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Wednesday, May 12, 2010

57.2 million people

Erin Kelly

Staff Writer

Before health reform, insurance companies generally could deny Americans in the individual market coverage if they had a history of health problems. Heart disease? Denied. Breast cancer? Denied. Diabetes? Denied. For decades, many insurance companies have been allowed to treat those with pre-existing conditions unfairly. But because Congress and the American people became so fed up with this blatant discrimination, we’ll finally see an end to these shameful practices.

According to a new study by Families USA, 57.2 million non-elderly Americans have a pre-existing condition that could result in denial of coverage in today’s individual market. Those who are lucky enough to be able to purchase coverage may find that their premiums are too expensive or that the very condition they need insurance for will simply not be covered.

Nearly one in every five non-elderly adults is at risk of being denied coverage. And while older Americans are more likely to have—and be denied coverage due to—pre-existing conditions, nearly one in six young adults has a condition that could lead to a denial of coverage too.

Because of health reform, however, insurance companies will soon no longer be allowed to deny any American coverage because they’ve been sick. No hard-working American will see their premiums double just because they have been diagnosed with breast cancer, and no one can be told “Yes, we can insure you, but we won’t cover your diabetes.”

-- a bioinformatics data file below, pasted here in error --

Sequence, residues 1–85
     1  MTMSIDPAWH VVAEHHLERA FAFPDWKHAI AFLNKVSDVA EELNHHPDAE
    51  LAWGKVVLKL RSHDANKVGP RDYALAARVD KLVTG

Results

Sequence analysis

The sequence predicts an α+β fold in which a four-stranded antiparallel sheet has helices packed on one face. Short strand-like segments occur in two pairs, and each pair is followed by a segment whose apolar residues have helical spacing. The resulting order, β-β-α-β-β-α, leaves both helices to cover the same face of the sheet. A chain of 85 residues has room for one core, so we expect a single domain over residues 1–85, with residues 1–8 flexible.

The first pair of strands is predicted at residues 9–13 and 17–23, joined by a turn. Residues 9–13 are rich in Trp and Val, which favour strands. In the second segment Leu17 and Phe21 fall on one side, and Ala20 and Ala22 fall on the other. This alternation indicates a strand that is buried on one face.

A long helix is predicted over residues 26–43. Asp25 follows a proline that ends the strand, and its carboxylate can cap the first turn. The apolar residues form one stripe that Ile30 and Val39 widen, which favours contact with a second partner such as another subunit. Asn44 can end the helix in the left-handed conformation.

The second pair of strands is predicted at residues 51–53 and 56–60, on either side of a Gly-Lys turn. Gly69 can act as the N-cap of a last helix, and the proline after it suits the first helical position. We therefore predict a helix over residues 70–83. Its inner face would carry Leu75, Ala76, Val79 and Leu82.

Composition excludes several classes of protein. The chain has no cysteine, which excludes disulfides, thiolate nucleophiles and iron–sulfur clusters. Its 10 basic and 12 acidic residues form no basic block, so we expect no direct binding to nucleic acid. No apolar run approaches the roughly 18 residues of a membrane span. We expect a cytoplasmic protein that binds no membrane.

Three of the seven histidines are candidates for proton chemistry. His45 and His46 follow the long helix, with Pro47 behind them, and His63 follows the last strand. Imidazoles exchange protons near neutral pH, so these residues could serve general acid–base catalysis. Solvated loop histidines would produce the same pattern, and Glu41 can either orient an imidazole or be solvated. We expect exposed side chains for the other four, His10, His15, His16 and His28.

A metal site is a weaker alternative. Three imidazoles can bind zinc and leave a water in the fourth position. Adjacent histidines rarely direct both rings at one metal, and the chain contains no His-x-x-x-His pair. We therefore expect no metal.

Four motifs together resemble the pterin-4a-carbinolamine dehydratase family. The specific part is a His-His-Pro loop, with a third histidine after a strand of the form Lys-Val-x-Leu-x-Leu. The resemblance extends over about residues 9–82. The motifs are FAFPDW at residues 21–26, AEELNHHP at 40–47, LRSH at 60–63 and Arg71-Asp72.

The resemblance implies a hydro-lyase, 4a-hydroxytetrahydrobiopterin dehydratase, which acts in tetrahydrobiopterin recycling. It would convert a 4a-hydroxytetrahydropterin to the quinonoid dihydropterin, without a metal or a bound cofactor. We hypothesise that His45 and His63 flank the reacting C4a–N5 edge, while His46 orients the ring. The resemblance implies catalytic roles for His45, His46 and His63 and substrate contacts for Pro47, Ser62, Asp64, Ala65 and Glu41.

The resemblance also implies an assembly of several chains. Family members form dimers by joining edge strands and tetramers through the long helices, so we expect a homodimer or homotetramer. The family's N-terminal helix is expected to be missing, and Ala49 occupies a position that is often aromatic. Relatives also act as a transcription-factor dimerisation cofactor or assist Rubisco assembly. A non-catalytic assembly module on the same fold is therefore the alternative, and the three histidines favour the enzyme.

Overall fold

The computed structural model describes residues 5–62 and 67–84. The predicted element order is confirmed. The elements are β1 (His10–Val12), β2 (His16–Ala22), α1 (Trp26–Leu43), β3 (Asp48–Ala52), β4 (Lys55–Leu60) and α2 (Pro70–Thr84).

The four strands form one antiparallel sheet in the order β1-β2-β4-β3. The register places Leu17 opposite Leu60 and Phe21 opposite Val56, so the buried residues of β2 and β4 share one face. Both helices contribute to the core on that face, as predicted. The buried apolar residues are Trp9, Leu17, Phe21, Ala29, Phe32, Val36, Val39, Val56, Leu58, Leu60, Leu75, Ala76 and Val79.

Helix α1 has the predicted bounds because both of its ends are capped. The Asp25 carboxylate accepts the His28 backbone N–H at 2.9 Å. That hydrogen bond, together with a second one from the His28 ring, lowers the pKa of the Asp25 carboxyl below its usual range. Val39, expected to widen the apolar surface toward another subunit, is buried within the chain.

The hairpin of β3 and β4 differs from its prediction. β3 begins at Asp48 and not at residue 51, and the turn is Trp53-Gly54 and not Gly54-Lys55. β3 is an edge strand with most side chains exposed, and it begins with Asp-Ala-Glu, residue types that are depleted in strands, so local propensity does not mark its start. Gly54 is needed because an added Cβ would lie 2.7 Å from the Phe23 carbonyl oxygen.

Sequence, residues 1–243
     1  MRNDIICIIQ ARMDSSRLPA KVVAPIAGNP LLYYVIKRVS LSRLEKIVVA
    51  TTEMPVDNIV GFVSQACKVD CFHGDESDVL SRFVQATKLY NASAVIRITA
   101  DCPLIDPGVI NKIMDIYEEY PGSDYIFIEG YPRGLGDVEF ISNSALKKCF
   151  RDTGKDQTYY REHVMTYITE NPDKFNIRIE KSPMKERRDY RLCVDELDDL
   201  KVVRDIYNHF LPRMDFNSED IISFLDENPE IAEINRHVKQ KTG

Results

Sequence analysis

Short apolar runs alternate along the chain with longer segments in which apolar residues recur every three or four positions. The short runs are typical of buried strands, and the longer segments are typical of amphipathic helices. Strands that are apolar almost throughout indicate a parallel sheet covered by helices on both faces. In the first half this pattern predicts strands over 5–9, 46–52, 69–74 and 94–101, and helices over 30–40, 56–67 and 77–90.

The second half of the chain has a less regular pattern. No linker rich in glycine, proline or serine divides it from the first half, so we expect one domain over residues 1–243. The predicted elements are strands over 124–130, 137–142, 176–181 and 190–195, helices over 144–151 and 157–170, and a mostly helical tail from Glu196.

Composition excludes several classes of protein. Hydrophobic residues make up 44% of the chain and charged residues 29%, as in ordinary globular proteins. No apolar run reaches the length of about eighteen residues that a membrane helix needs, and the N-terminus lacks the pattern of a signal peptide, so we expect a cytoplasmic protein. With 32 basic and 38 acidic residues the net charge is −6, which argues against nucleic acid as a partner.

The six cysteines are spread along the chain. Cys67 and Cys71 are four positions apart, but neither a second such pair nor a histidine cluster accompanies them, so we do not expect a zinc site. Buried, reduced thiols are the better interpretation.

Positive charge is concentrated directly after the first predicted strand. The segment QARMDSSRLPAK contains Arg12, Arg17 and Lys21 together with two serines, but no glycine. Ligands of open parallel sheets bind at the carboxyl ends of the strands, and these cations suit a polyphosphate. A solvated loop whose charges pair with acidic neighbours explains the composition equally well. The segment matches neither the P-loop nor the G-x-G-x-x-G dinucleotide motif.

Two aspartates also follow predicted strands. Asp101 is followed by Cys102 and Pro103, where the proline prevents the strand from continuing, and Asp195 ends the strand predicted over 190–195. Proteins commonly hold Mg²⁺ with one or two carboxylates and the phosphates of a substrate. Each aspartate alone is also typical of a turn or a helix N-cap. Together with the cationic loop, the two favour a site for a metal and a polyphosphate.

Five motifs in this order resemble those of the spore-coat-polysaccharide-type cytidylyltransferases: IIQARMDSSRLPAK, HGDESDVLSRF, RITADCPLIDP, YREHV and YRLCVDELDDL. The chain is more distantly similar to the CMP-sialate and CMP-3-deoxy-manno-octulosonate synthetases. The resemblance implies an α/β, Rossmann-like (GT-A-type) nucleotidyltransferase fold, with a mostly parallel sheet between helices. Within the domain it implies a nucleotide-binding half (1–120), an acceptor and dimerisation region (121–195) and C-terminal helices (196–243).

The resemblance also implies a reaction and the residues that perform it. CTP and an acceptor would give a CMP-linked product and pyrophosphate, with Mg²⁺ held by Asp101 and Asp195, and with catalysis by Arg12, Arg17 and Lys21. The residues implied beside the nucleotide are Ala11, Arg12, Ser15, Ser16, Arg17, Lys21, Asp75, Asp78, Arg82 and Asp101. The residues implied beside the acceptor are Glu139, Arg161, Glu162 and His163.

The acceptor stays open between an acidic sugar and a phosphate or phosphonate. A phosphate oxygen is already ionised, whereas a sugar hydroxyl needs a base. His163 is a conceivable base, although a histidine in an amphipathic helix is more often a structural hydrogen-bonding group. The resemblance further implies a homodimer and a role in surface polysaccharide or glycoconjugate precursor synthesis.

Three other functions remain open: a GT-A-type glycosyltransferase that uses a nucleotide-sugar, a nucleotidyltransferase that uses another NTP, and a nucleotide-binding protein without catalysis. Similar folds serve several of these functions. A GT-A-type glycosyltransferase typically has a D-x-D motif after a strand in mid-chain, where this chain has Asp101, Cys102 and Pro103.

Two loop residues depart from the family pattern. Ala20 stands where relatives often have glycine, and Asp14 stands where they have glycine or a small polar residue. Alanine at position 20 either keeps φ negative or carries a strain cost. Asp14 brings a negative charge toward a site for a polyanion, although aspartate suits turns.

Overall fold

A practice like denying people coverage because they have a pre-existing condition has contributed to making health care unaffordable for so many Americans—and has helped drive up our nation’s health care costs. When people are denied affordable coverage to help with chronic problems like heart disease or diabetes, their conditions worsen as they go without medical care. Usually, they get so sick that they end up in the emergency room, and the uncompensated costs associated with their care are shifted onto those who have insurance.

While those in the individual market are the primary beneficiaries, this provision acts as a safety net for all Americans. Even if you’re part of a group plan right now, you could end up looking for coverage in the individual market if you lose your job, or your employer decides to drop coverage.

With the passage of health reform, all Americans will have access to quality, affordable health care. This means that—among many other benefits—no one can be denied access to insurance because they have had the misfortune of being sick, and no one can be priced out of purchasing coverage because an insurance company chooses to put their profits over the health of their customers.

Health reform means a healthier society where insurance companies are finally required to play by our rules.